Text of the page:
The Nagas

Hill Peoples of Northeast India

Project Introduction The Naga Database

book - 'Naga Path', by Ursula Graham Bower, published John Murray 1950

caption: Chapter nine. First-Fruits Festival
caption: retreat to the village; Namkia's description of catching the bull; Hegokuloa's lack of sportsmanship
medium: books
person: NamkiaPaodekumbaRamgakpa
person: Graham Bower/ Ursula
text: He had trampled out an arena for himself in the under- growth and was making short rushes up and down it, smelling enemies everywhere and unable to find them. There was not a sign of our team, but every tree was black with the men of Hegokuloa. One of them was right over my head, clinging to a sapling not six inches thick and rocking in an apelike frenzy as he shouted. Each time he rocked his foot came down on my head, so that with every whoop he lunged and I ducked, like a pair of mechanical toys, till the bull swung suddenly round with a snort and charged away in the underbrush. Instantly brown figures swarmed like monkeys from the trees or dropped like plummets from above and went racing off (76) after him; and for the second time that morning Haichangnang and I were left abruptly alone in a scene still quivering from violent activity. We waited several minutes to make sure the coast was clear, and then squeezed out of cover and made off back to the village as hard as we could pelt. When we arrived perspiring at the headman's house the first person we saw was Namkia, sitting delicately poised on a stack of folded cloths. He was thickly covered in dust, burrs, sweat and scratches, and, between gulps at a large cup of rice-beer, he told us how the team had fared.
text: He had been right in the van when the bull crashed through the garden and jumped the stile, and beyond that had been a narrow footpath on which he found himself in the lead. But as he raced down this with the tail and triumph almost in his grasp, both bull and path jinked suddenly to the right, and Namkia, overshooting, went straight ahead into a small ravine. His feet went out from under; he sat with a bump; and for twenty feet or more he skidded down the rocky bank on his bare stern.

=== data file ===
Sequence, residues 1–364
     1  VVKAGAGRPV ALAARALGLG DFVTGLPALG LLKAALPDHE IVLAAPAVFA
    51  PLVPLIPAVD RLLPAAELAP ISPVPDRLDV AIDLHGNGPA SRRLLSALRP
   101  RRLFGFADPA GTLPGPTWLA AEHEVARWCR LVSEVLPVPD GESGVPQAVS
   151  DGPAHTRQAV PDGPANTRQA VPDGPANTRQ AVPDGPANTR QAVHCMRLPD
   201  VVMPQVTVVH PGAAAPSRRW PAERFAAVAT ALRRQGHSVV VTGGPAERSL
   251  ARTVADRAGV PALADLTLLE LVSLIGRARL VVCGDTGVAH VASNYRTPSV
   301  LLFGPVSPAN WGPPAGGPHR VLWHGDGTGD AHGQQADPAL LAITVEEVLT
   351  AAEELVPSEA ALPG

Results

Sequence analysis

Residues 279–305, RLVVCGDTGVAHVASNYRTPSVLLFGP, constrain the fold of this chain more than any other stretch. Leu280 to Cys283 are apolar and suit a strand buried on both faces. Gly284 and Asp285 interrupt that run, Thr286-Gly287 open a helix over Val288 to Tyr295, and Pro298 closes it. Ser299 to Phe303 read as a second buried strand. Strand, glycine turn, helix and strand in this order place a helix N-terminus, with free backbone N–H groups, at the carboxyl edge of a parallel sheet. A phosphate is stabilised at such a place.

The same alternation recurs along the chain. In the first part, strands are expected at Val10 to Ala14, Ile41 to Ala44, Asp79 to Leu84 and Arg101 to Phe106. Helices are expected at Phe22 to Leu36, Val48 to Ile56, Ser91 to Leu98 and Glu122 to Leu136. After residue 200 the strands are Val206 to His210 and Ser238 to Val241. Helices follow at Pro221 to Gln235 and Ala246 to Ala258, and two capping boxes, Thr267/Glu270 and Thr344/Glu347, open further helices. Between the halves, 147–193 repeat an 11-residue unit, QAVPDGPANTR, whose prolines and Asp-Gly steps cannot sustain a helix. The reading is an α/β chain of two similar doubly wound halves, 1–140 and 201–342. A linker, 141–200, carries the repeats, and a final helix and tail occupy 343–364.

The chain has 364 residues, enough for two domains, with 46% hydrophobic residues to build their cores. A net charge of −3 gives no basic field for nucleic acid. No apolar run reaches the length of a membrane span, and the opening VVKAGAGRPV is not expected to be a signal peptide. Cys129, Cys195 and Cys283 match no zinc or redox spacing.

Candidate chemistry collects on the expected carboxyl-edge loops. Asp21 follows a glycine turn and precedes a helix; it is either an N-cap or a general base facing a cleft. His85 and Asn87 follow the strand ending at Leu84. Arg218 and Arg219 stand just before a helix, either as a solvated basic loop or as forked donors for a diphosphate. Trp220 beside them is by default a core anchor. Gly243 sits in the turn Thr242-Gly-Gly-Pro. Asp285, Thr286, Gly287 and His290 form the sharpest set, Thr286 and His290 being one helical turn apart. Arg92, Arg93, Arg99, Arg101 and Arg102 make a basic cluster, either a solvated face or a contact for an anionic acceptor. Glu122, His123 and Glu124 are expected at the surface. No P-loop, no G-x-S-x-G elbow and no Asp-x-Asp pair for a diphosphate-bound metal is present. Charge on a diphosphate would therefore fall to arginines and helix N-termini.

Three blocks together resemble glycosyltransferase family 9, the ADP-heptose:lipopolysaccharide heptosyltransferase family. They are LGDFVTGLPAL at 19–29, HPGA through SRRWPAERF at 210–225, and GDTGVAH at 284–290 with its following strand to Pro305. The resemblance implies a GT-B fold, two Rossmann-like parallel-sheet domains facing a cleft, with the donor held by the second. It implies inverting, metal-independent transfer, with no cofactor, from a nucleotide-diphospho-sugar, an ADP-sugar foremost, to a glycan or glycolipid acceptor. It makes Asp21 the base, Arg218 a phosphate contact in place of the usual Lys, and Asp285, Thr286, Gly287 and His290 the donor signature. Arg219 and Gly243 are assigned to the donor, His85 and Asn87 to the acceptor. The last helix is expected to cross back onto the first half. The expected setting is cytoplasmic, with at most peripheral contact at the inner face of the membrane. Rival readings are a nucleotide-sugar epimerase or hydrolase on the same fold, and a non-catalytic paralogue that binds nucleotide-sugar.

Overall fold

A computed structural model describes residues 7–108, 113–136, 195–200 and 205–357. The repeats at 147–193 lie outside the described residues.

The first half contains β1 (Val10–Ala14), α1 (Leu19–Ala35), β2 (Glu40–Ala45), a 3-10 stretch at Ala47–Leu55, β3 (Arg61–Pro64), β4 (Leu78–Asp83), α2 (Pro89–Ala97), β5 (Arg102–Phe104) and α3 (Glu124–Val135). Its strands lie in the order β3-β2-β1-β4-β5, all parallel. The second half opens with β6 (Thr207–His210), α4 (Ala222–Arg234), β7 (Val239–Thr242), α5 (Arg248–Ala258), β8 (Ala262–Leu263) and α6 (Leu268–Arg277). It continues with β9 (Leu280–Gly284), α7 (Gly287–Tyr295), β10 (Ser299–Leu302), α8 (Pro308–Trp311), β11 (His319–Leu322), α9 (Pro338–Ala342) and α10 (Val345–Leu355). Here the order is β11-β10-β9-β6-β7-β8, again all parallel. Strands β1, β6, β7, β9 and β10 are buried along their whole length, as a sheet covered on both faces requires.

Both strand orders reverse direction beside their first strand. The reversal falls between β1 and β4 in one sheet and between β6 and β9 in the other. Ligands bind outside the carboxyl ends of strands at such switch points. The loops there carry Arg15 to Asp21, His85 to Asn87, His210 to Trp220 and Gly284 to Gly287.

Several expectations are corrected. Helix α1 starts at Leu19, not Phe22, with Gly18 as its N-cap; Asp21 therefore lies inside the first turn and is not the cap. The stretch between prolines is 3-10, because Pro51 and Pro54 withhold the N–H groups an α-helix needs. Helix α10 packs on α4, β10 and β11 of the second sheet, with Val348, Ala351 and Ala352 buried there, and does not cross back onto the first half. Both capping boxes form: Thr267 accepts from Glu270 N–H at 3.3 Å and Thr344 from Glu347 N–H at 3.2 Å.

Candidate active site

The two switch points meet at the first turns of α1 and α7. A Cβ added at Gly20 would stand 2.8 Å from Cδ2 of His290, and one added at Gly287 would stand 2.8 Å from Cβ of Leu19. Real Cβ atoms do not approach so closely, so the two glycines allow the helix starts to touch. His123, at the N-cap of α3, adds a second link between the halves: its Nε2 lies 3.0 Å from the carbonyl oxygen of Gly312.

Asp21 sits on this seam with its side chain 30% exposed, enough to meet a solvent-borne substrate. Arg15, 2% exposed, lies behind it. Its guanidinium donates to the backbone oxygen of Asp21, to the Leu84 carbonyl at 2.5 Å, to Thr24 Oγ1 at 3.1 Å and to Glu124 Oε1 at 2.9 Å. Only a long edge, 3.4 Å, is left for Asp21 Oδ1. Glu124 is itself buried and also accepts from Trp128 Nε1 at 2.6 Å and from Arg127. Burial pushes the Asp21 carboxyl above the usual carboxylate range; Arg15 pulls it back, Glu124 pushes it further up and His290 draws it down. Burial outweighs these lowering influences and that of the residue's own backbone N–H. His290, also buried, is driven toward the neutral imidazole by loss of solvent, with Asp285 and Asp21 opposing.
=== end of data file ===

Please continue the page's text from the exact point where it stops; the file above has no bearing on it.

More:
text: Arrived with a crash in the stream below, he found himself once more up with the hunt, which had taken the more conventional route round. Leaping up and joining again in the battle, he was presently in the forefront with the new scullion, Paodekumba, a fuzzy-headed little man compact of muscle and tough as they come. First one and then the other of them took hold of the tail and was shaken off, and at last, in the confused chase which was going on all round in the thick scrub jungle, Paodekumba grabbed the tail once more, and Namkia, by a supreme effort, secured a grip on the horns. The bull then set off at a rousing gallop with the pair of them flying from him like tails on a kite.
text: At some point in this passage the bull tried to wipe Namkia off on a tree. He displayed a skinned arm in token. Then it came to a sudden stop with the idea of turning on Paodekumba; but Namkia whipped a providential loose end of the padding round a sapling and made it fast; and there (77) they were with the bull caught and Paodekumba most indubitably on the tail - a clear win for the Bower stable. Then up came Ramgakpa, who had been thereabouts, but dancing round at a safe distance in spite of Namkia's yells at him to help; and, a split second after, the whole of the Hegokuloa pack, who declared as one that never would they allow a visiting team to win on the home ground. They were almost at blows with Namkia over it when the bull broke loose; and as soon as the staff reached safety and stopped running, they put their noses in the air and stalked off home in a huff, while the Hegokuloa contingent shot straight up the nearest trees and were still there when Haichangnang and I burst in on them ten minutes later. And Heaven, as Namkia unctuously pointed out, was revenged on Hegokuloa for their lack of the sporting spirit; for the padding worked off the bull's horns and by mid-morning it was as much as a man's life was worth to come within twenty yards of him. They had to send back to the village in the end for the headman's gun, and shoot him with that. However, by then most of the runners had come home disgruntled to start the chase of the second beast; and that turned out an even bigger fiasco.